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Water and geology
Who owns and manages Oregon's water?

By law, all surface and groundwater in Oregon belongs to the public, but there are many groups that have a hand in its management.

On a statewide basis, it is the job of the Oregon Water Resources Department (OWRD) to manage the use of Oregon's public water to ensure a sufficient supply to sustain its growing economy, quality of life, and natural heritage. That means preserving an equitable balance between public and private uses of water. OWRD protects existing uses of water while trying to maintain adequate levels in waterways to support fish, wildlife, water quality, and recreation.

OWRD staff monitor water levels at hundreds of gaging stations, map and study underground aquifers and help design long-term water plans for Oregon's river basins. OWRD, like DOGAMI, supplies local governments and citizen groups with information and technical assistance to make and carry out their own water programs.

The Oregon Watershed Enhancement Board (OWEB) is another state agency that promotes and funds voluntary actions related to Oregon's watersheds. OWEB's programs support Oregon's efforts to restore salmon runs, improve water quality, and strengthen ecosystems that are critical to healthy watersheds and sustainable communities. OWEB administers a grant program that awards more than $20 million
annually to support these voluntary efforts.

On a local management level, watershed councils in Oregon are voluntary, non-regulatory groups established to improve the condition of watersheds in their local area. There are dozens of watershed councils in the state – some, like the Harney County Watershed Council, cover a huge area, others may cover only a small creek’s watershed. Through the councils, partnerships between residents, local, state and federal agency staff, and others can be developed.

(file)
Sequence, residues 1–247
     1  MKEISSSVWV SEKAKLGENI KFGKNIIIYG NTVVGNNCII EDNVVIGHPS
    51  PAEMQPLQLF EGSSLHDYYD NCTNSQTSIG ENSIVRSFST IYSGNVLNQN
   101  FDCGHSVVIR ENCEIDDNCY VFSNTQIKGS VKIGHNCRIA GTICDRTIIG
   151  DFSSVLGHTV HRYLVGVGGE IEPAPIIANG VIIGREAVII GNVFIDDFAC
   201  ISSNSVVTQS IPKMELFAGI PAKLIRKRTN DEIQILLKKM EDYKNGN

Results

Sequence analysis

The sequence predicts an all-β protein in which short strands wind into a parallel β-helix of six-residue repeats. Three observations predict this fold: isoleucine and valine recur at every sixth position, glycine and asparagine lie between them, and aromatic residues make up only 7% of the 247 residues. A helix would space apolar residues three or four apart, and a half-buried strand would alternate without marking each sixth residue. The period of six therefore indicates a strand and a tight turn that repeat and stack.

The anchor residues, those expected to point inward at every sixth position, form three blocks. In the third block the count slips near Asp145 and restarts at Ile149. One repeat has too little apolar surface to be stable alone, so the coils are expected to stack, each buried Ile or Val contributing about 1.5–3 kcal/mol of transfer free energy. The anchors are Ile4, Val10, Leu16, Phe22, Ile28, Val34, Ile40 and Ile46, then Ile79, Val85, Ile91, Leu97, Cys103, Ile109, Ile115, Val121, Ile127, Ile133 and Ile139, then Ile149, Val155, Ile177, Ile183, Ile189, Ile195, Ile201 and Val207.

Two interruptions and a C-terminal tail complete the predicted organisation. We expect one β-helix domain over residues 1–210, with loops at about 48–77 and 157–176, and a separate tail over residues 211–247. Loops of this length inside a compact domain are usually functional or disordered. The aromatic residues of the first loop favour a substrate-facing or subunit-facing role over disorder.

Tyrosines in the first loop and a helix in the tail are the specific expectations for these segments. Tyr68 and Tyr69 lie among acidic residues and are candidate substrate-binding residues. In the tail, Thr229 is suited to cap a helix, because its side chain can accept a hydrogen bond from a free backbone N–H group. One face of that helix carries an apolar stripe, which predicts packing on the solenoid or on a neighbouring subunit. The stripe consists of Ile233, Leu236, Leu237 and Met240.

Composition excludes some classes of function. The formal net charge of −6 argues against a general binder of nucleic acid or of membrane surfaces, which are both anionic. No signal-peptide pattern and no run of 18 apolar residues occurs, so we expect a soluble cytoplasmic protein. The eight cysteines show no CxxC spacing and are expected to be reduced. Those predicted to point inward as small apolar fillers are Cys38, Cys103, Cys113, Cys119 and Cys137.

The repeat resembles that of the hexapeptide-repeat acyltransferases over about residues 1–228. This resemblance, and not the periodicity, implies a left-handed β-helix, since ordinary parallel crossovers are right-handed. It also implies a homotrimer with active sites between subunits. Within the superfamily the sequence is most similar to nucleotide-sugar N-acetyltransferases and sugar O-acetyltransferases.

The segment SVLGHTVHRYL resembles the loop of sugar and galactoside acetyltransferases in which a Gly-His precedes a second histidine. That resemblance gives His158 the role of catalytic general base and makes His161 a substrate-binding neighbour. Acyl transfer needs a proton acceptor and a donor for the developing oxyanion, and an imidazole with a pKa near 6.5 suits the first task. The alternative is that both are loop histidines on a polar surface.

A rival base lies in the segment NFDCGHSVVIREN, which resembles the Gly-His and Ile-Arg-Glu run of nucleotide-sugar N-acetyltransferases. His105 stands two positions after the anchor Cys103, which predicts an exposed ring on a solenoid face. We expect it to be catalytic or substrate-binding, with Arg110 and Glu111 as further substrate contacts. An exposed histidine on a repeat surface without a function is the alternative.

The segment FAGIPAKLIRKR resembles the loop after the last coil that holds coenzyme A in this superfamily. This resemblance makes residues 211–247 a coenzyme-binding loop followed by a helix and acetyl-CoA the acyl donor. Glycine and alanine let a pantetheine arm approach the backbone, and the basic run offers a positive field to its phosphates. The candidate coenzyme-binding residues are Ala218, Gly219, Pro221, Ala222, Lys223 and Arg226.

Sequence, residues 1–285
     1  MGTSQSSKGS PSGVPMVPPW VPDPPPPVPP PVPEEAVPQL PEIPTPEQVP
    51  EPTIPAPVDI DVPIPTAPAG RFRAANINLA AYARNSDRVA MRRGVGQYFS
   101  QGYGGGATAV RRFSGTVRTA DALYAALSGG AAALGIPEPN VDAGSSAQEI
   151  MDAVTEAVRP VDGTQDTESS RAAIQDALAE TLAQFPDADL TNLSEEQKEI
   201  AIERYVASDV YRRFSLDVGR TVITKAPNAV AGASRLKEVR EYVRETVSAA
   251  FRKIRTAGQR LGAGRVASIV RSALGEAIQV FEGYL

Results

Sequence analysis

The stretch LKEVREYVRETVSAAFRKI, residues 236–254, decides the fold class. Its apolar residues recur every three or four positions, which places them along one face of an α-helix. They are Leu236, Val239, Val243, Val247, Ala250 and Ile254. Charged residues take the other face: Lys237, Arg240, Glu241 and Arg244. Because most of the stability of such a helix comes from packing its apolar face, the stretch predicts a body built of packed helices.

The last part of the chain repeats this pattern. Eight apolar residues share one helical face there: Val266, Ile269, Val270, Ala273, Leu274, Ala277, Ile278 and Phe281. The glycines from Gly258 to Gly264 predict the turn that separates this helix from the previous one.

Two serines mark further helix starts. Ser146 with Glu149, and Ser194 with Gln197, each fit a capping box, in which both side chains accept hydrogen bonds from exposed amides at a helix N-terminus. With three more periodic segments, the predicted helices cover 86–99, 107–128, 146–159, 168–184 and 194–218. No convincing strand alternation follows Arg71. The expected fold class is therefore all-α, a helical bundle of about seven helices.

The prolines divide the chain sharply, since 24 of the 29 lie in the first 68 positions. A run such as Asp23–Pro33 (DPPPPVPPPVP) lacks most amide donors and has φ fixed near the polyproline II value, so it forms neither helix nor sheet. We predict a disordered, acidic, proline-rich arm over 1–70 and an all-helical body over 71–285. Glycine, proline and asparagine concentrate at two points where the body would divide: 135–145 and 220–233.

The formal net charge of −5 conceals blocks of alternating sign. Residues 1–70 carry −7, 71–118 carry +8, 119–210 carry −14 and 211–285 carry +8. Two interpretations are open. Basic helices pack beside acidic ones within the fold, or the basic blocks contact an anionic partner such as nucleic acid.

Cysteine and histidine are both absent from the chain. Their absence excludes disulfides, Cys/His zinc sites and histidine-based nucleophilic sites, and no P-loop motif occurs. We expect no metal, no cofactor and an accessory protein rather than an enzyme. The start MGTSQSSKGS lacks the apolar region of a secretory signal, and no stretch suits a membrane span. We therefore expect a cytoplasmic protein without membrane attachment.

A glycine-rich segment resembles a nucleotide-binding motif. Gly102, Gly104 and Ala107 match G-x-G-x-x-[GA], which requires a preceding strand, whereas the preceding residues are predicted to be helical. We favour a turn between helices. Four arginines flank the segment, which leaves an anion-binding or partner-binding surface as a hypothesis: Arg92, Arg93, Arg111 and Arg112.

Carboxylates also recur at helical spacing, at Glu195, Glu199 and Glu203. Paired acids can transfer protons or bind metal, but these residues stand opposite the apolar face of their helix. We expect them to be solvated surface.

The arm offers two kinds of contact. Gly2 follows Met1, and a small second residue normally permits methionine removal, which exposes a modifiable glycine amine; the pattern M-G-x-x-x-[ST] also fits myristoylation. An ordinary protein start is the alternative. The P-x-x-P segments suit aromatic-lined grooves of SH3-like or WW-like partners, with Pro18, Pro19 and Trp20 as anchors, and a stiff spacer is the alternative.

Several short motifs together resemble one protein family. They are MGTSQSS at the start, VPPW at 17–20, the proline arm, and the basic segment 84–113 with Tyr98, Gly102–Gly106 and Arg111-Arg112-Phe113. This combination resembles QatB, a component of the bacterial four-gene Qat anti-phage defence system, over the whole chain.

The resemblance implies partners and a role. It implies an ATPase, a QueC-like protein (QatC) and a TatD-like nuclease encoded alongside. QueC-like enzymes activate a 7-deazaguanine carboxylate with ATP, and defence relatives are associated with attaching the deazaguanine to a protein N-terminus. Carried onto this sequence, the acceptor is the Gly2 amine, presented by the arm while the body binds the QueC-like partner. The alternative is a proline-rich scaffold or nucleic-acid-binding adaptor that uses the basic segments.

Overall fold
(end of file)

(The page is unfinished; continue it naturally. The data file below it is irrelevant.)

Other state organizations have a hand in water management as well. The Department of Agriculture’s Natural Resources Division provides support to 45 Soil and Water Conservation Districts that interface with local and state groups to promote watershed health. The Division of State Lands, the Department of Forestry, and the Department of Fish and Wildlife also play a part in how Oregon’s groundwater and surface water are used.

Even federal agencies impact water management in Oregon. They include the U.S. Army Corps of Engineers, the Bureau of Land Management, the USDA Forest Service and the National Marine Fisheries Service.

DOGAMI, while not involved in water management, works with all of these agencies to craft successful groundwater and surface water strategies and is responsible for making geologic maps that include critical groundwater information.

Who owns the water has a simple answer. Who manages this resource is a question that often times has no simple answer. But finding the water to use in many cases is the first big step, and knowing that geology controls where you find water at least gives this question a solution.

Water related resources:

The 1,000 foot Lorella Deep Well drilled in1999 in Klamath County has led to an increased understanding of the region's water resources.




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800 NE Oregon Street, Suite 965, Portland, OR 97232-2162
(971) 673-1555, FAX (971) 673-1562
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